May 3, 2012
The Leaders: Team CrossFit Guayaquil
By Thomas Patton

The Ecuador CrossFit movement originated at CrossFit Guayaquil.

The country of Ecuador can be considered for CrossFit in Central and South America what the state of California meant for the rise and growth of CrossFit in the United States. 

Ecuador is the only country in the region with more than 11 affiliates and rising. Nine of those are in the city of Guayaquil alone. It was an evident trend that developed in Ecuador and has been a major factor that has elevated CrossFit growth in the region. The Ecuador CrossFit movement originated at CrossFit Guayaquil. The man in charge: Carlos Andrade.

Andrade’s grandfather owned a globo gym by the name of Corpus about 20 years ago, later the gym was run by his parents. When talking to any of the Andrades, it is evident that the gym was a landmark for them and the epicenter of the family´s life and development. Most of the Andrade family members are or have been athletes of many disciplines and of important ranking in the country and in past Pan-American Games. 

As a true test of fitness, the founding grandfather still swims everyday and can perform pull-ups with ease. The old globo gym facility became a CrossFit affiliate back in 2008 after Andrade coerced and convinced his family of the CrossFit methodology, and the rest is history.

Although the CrossFit Guayaquil team is selected on the basis of the individuals’ performance, they pride themselves in the fact that family members have composed CrossFit Guayaquil team in its majority, even though they currently have between 500 to 600 members going through their facility per month to choose from.

Even more interesting is the fact that they have a tradition where the highest ranked athletes in the Open go team, instead of individual. We can assume that this tradition began with the fact that Carlos Andrade was the first Regional winner in 2009 Latin America Regional and the pillar of the team in 2011. They opted out of the 2010 team competition due to a lot of growth and restructuring, but competed with an extremely strong team in the 2011 Regional and missed the ticket to the Games by only one point. “The girls struggled with the muscle-ups, and we made a small mistake when changing bumper plates from male to female in the deadlift/box-jump workout that caused us time and reps,” Andrade says.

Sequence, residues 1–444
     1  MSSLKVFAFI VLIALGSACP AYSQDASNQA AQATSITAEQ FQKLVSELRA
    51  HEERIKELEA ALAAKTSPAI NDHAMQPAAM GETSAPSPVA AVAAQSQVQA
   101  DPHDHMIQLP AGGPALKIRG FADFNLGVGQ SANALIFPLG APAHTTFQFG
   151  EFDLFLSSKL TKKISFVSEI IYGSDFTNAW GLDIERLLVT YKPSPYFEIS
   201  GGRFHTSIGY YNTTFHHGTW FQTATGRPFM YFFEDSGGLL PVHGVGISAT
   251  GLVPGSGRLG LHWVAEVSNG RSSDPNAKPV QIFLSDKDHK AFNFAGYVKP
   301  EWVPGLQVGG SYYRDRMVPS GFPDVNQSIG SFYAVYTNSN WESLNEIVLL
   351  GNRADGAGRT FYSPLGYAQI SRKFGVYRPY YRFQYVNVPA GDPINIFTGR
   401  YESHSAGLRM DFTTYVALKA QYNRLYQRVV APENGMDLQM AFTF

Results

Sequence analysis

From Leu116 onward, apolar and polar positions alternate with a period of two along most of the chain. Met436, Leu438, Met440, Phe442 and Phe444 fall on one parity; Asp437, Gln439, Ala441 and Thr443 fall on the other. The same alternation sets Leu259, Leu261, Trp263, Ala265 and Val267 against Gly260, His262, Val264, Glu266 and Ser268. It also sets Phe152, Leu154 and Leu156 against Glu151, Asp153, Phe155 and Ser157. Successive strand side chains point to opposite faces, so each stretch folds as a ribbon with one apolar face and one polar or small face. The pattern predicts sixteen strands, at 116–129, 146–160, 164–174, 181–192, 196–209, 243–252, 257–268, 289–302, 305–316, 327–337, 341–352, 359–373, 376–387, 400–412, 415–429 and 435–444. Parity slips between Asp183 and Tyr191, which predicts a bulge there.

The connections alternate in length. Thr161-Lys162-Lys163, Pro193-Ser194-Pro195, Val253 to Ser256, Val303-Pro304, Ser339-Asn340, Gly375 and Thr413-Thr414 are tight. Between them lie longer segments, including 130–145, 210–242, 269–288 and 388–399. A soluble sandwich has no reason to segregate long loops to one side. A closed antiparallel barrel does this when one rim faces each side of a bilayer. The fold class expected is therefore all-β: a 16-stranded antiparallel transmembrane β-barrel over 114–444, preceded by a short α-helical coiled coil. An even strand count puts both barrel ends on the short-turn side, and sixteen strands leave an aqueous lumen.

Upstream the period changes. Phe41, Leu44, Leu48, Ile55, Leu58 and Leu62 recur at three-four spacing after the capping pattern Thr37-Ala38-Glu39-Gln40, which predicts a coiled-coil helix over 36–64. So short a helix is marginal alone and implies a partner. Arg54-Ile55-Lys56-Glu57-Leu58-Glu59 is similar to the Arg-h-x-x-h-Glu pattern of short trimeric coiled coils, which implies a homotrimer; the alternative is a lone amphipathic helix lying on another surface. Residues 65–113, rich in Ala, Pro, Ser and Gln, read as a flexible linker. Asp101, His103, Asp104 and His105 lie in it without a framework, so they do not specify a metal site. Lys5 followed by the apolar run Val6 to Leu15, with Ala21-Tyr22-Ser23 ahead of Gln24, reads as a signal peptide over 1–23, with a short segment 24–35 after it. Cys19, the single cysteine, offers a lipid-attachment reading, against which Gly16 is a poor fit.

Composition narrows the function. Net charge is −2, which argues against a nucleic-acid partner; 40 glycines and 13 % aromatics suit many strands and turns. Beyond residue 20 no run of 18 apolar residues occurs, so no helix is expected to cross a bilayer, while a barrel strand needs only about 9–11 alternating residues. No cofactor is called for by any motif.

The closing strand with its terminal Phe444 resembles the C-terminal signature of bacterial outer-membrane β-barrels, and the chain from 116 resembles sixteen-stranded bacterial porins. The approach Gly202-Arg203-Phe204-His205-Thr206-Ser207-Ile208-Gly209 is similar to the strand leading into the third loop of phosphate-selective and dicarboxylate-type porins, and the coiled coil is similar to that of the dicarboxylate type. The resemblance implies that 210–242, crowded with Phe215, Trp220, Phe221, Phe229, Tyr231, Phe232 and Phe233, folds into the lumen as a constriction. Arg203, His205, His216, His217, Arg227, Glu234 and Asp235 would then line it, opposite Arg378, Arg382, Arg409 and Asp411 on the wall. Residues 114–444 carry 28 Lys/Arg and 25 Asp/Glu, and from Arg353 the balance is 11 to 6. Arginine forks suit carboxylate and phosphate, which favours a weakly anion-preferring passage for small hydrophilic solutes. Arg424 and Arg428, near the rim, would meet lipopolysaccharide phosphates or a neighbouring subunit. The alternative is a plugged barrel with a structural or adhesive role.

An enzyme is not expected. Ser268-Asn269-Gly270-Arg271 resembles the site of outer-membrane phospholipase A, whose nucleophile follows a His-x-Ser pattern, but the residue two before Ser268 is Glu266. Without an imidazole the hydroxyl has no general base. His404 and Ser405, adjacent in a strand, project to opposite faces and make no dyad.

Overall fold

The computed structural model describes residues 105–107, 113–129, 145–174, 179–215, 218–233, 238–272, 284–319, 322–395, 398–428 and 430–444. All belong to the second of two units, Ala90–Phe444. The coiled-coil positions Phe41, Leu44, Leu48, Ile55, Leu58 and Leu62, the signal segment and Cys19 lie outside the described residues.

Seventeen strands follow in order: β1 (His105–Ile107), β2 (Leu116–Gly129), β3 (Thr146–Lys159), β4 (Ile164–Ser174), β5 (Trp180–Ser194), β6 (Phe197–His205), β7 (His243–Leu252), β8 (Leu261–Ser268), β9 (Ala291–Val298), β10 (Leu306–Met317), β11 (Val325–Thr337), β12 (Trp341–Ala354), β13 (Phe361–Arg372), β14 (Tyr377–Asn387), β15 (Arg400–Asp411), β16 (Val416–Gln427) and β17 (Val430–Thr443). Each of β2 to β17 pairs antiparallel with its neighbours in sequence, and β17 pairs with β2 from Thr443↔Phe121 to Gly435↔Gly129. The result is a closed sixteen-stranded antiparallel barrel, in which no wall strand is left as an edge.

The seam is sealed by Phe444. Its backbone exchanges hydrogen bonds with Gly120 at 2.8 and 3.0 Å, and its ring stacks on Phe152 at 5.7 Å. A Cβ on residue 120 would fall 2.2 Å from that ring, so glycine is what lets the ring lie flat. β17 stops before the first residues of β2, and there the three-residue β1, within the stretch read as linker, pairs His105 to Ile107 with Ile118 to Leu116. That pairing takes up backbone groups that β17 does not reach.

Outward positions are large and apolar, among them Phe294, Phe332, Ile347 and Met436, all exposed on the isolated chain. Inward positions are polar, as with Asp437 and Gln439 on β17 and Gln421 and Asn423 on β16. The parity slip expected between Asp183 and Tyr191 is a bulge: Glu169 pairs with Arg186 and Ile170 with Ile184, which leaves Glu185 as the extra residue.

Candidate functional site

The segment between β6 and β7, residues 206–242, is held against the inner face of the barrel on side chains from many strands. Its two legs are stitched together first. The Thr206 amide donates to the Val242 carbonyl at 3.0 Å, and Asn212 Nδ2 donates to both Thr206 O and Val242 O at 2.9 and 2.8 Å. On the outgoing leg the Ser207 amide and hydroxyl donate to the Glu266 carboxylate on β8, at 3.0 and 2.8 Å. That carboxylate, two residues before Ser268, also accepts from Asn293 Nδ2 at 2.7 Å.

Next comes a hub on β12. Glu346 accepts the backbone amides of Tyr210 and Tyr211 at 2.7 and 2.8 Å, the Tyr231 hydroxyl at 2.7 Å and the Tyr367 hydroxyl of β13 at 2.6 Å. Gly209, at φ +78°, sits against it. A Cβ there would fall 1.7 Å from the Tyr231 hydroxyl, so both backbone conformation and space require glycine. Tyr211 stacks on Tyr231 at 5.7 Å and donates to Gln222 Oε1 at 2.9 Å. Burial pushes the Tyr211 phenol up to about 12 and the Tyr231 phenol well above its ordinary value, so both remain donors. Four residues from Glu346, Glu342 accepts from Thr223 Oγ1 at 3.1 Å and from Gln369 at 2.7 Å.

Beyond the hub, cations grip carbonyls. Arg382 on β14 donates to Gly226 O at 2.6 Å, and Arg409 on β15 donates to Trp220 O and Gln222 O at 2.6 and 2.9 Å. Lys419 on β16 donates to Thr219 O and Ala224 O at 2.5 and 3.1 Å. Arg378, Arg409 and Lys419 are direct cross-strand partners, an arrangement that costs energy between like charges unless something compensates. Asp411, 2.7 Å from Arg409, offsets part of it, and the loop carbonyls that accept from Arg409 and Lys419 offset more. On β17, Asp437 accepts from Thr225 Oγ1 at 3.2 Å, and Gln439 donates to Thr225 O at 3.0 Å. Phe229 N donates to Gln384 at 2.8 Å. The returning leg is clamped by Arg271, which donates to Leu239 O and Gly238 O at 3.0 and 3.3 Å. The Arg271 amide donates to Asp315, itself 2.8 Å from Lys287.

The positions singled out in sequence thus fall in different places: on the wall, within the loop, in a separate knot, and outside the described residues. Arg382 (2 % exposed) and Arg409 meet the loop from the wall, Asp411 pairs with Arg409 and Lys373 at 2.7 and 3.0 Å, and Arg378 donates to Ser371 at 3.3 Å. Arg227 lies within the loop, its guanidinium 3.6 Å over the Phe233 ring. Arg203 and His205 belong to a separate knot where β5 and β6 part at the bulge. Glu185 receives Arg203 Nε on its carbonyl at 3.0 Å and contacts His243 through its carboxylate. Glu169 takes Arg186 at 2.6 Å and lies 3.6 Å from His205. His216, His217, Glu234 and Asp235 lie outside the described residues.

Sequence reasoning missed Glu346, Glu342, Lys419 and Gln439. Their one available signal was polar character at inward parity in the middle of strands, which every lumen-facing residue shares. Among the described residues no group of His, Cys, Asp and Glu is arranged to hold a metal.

They finished 3rd place in the box jump/deadlift workout, took 2nd place in the run/hspu/row workout and came in 1st place in the other four workouts.

Carlos Andrade, 37, (32nd in the Open), his wife Carola, 34, (18th in the Open), 43-year-old retired professional swimmer Aunt Zaira (14th in the Open) and Zaira´s son Jose “Pepe” Over (4th in the Open), make up the family members who are on the 2012 team roster. They are accompanied by Priscila Careres, a Karate black belt and GianCarlo Vera.  

The team trains together at least every Friday, but this is not something new in the season. Fridays at CrossFit Guayaquil are always a team workout day. The team also has recently been practicing regularly with an Olympic Lifting coach, and they guarantee that for the year 2013 they will have practiced regularly with a gymnastics coach as well.

Andrade believes the only weaknesses the team might have is the fact that the older athletes in the roster are well … older. With that come injuries stemming from their athletic past. “We will have to work around those injuries, but it happens to all of us,” he says. “No workout will be simple, and doing these met-cons quick, especially in a Regional competitive setting and programming will be reserved only for the young ones, but there are several workouts that hopefully may play to my advantages like Workouts 1 and 4.” 

Andrade admits he has been competing for many years and will most definitely be seen in the CrossFit Masters categories when he’s older.

The CrossFit Guayaquil 2012 Regional Team is coming full force this year to try and earn that trip to the Games they barely won last year. They are prepared to leave it all, but most important they will be certain not to lose the real perspective: joy. 

Even the majority of volunteers in Cali, Colombia will be those who did not qualify and/or compete in the Open traveling from CrossFit Guayaquil. “We define ourselves as a pack of hounds. We suffer together, we travel together,” he says. “For us, CrossFit is serious business, and the podium will be a consequence of our effort; a responsibility. But we are also going as a festive group, we are going to have fun, and we are ready to enjoy. Attitude is the most important requirement to have a good time. The rest is circumstantial.”